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Phil Keeling

Savannah, GA United States
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Great book, better audiobook.

Overall
4 out of 5 stars
Performance
5 out of 5 stars
Story
4 out of 5 stars

Reviewed: 06-23-19

I’ve listened to this before, but on my second listen, I was immediately reminded why I love it so much. Lenny Henry’s narration is flawless: possibly the best of any audiobook I’ve ever heard. Gaiman’s story is wonderful, much more light hearted than American Gods. The book and narration combine beautifully.

Dull, dull, dull.

Overall
2 out of 5 stars
Performance
4 out of 5 stars
Story
1 out of 5 stars

Reviewed: 05-02-18

Imagine you die, and then find your mind centuries later trapped inside a sentient robot with the task of saving all of humanity on your shoulders.

Pretty heavy stuff, right? Well, not according to We Are Legion (We Are Bob).

Like a teenager who sort of wants to learn the guitar, Legion begins with some big ideas, but sort of fizzles out when it seems to realize how much work actually goes into it. The idea of “is sentient life really life?”, it turns out, is more than just learning the basic chords to Wonderwall.

When these ideas are addressed (do I violate the prime directive? Am I a real person? Oh my god everyone I’ve ever known and loved is dead!), Bob gets over it with very little struggle or conflict. Everything seems to work out just fine, from beginning to end. Instead of introspection and existential questions, we’re treated to pop culture references.

But the biggest sin We Are Legion commits is that it is mind numbingly dull. This book is a perfect example of why writers are asked to “show, not tell”.

Bob creates replicas of himself, and is surprised to find that, while they share many aspects of himself, they tend to have their own personalities and quirks. Cool idea! Will one of them become megalomaniacal and evil? Will they argue for hours on end on how to handle a situation?

Nope. They’re just quirky. One of them takes after Homer Simpson, you guys!

Bob tells us everything, and shows almost nothing. We have tons of information explained to us, so there aren’t really any surprises: no drama, no conflict that isn’t overcome in no time flat. What few antagonists we have are incredibly two dimensional, and you really don’t feel any fear that they’ll somehow defeat Bob or spoil his plans. When characters are lost, it’s a footnote, and you rarely know them well enough to care, anyhow.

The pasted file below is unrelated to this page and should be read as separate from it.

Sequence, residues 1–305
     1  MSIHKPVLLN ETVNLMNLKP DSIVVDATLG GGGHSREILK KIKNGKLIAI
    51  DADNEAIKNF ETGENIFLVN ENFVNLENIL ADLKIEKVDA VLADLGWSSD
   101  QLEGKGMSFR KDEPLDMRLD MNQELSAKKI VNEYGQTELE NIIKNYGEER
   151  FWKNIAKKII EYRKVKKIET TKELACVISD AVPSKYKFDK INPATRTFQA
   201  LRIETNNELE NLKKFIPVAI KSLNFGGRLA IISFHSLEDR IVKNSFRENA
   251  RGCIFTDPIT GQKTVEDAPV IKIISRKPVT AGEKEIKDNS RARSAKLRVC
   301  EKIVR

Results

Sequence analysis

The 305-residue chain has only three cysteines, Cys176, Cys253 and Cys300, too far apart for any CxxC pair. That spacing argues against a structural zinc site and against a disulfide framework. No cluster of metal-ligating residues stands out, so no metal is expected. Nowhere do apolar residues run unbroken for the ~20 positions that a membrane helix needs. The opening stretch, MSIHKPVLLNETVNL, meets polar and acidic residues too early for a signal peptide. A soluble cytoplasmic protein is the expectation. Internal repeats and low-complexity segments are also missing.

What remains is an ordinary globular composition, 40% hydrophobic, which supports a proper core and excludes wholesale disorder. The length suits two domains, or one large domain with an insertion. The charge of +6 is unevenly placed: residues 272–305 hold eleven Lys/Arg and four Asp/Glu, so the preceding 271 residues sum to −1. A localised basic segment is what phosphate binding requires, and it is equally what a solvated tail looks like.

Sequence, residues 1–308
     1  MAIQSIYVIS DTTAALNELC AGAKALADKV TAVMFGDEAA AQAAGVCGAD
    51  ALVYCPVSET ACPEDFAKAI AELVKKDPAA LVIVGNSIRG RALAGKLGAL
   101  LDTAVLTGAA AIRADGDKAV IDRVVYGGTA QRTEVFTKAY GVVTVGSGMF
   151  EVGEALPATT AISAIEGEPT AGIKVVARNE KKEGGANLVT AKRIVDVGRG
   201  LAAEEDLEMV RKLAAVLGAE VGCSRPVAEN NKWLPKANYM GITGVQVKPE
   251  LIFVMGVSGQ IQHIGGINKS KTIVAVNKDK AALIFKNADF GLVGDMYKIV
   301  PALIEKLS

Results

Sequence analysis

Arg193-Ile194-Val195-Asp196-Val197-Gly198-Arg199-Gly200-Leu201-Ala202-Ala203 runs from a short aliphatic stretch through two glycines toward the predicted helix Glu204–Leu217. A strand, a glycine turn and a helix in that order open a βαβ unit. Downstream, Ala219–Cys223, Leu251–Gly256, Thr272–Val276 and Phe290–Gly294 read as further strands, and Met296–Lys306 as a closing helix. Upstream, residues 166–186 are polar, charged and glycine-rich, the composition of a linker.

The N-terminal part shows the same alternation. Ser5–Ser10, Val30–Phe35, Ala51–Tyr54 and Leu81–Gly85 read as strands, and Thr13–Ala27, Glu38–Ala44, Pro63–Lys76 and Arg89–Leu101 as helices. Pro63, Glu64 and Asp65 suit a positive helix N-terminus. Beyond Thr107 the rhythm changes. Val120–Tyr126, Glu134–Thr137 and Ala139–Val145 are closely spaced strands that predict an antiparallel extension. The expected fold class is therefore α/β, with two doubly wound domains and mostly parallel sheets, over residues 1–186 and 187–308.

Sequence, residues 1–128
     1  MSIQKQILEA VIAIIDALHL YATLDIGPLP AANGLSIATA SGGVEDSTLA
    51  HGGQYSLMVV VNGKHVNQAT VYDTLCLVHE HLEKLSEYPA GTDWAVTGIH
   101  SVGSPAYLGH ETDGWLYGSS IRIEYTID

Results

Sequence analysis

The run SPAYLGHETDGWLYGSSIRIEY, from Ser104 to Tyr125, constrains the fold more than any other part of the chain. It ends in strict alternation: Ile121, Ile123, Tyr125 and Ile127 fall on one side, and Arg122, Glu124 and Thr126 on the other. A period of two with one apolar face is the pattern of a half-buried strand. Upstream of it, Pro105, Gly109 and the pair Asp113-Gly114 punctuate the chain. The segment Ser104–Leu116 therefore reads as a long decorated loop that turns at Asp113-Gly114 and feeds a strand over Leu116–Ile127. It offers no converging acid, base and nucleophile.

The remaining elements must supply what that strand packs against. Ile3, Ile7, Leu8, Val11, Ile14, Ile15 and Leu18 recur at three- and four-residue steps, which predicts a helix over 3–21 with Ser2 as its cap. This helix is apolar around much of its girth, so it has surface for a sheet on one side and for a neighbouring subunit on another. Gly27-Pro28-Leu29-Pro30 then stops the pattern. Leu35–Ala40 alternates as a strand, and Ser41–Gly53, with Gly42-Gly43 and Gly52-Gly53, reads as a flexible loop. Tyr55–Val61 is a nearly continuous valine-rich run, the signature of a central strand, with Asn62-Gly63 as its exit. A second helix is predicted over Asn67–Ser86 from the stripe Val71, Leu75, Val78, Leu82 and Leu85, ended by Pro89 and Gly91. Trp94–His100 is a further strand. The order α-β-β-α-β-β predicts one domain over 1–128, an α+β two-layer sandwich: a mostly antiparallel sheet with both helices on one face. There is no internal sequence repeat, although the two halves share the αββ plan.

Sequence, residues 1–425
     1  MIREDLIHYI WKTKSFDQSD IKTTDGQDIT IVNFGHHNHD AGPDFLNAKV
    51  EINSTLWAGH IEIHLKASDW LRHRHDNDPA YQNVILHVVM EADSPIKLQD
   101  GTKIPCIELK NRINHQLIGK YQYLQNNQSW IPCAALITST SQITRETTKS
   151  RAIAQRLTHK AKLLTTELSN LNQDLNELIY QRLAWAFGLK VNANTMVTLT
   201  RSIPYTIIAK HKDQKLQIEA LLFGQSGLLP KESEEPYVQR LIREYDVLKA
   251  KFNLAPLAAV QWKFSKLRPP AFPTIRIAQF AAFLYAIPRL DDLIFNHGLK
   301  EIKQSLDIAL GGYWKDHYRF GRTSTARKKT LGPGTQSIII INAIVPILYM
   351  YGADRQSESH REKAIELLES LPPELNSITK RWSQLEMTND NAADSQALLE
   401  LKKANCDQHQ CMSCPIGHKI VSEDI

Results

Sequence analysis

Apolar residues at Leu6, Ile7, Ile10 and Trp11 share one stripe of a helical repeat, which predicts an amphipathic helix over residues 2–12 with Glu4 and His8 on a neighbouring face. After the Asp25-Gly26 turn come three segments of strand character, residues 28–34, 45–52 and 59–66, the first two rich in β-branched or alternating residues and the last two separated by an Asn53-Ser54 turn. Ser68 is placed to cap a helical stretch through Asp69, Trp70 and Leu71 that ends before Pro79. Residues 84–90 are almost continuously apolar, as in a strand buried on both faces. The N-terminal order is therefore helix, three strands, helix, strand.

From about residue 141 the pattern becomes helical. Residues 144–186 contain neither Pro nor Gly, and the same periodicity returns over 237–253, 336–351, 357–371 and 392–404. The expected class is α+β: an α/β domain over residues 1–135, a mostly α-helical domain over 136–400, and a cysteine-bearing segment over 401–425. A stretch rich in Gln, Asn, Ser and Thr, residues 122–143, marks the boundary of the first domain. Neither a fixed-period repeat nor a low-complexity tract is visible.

It’s a real shame. The ideas put forward in this book could have been fascinating and unique, but instead we get the sci-fI equivalent of easy listening. No drama: no fear. Just the same safe note played over and over again.

14 of 20 people found this review helpful

Boss Fight Books are great.

Overall
5 out of 5 stars
Performance
4 out of 5 stars
Story
5 out of 5 stars

Reviewed: 04-10-18

BFB is a wonderful series, and for their first audiobook, they started with my favorite. Amazing combination of memoir and history: fantastic.

Perhaps a radio drama isn't the proper medium for the Alien universe

Overall
4 out of 5 stars
Performance
4 out of 5 stars
Story
2 out of 5 stars

Reviewed: 06-07-16

Decent performances offset by a pretty terrible script. What started as a promising continuation of Alien canon (this takes place between the films Alien and Aliens) turns into a cliche-riddled story with bizarre character choices and insulting plot devices.

Let's put it this way: they solve a fairly massive plot hole with amnesia.

Amnesia.

More of the same.

Overall
2 out of 5 stars
Performance
4 out of 5 stars
Story
1 out of 5 stars

Reviewed: 07-20-14

What disappointed you about You are a Badass?

You Are A Bad Ass is the same pseudo-spiritual bunk you hear time and time again from self-help gurus all over the world. It was disappointing, the "sameness" that I got from it. In the end, all that I felt I received was a sweet-faced pep talk from a well-meaning but naïve friend.

I suppose I went into it hoping that this had a new, more practical take on helping one feel good about oneself in the face of hardship. But in the end, there was just the same "you get what you put out" anecdotal nonsense that has kept the self-help industry in its happy place for decades, with a few four letter words thrown in to trick people into believing that this book is edgy and thought-provoking.

It's not.

You Are A Badass feels like a guidance counselor trying to "connect" with their high school students by sitting down for a "rap session" and telling them "I know how square you must think adults are--but I know how lame life can get some times! Can you dig it? High five!"

If you're like me, you're looking for some practical, useful rumination on dealing with self-loathing and acceptance. This is another false lead.

I don't care that your friend's business finally took off after he connected with the spiritual universe. "Putting yourself out there" and "sending out positive energy" is not advice and it doesn't help, no matter how many of your buddies do it. You can't ask me to "go out on a limb" with the spiritual world any better than you can ask me to remove and reattach my leg.

This "one size fits all" mentality to positive thinking for a better life isn't enough--I'm just deeply disappointed that I was hoodwinked by more of the same with this book.

Would you ever listen to anything by Jen Sincero again?

No thank you.

What aspect of Jen Sincero’s performance would you have changed?

Sincero is a fine speaker, and clearly has enthusiasm for her work.

You didn’t love this book... but did it have any redeeming qualities?

As her surname seems to suggest, Sincero is... sincere. She seems to genuinely believe in what she's saying. That doesn't change the fact that her methods paint with an awfully vague, spiritual brush.

2 of 4 people found this review helpful